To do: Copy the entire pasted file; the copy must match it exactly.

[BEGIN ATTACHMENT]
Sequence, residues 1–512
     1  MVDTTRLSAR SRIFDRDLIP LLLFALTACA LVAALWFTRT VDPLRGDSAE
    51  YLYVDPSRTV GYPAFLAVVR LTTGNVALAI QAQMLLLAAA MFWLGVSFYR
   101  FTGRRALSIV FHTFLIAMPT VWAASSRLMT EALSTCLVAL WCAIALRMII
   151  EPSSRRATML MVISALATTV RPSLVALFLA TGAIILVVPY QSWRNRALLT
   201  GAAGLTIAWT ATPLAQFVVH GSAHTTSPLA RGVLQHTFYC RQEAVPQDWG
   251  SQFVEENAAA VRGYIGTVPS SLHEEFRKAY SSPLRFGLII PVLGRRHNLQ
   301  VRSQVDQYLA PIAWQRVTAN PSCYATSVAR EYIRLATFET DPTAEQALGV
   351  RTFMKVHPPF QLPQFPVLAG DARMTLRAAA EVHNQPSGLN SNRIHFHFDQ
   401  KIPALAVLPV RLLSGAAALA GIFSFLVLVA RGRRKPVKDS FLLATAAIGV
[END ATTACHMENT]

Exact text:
Sequence, residues 1–512
     1  MVDTTRLSAR SRIFDRDLIP LLLFALTACA LVAALWFTRT VDPLRGDSAE
    51  YLYVDPSRTV GYPAFLAVVR LTTGNVALAI QAQMLLLAAA MFWLGVSFYR
   101  FTGRRALSIV FHTFLIAMPT VWAASSRLMT EALSTCLVAL WCAIALRMII
   151  EPSSRRATML MVISALATTV RPSLVALFLA TGAIILVVPY QSWRNRALLT
   201  GAAGLTIAWT ATPLAQFVVH GSAHTTSPLA RGVLQHTFYC RQEAVPQDWG
   251  SQFVEENAAA VRGYIGTVPS SLHEEFRKAY SSPLRFGLII PVLGRRHNLQ
   301  VRSQVDQYLA PIAWQRVTAN PSCYATSVAR EYIRLATFET DPTAEQALGV
   351  RTFMKVHPPF QLPQFPVLAG DARMTLRAAA EVHNQPSGLN SNRIHFHFDQ
   401  KIPALAVLPV RLLSGAAALA GIFSFLVLVA RGRRKPVKDS FLLATAAIGV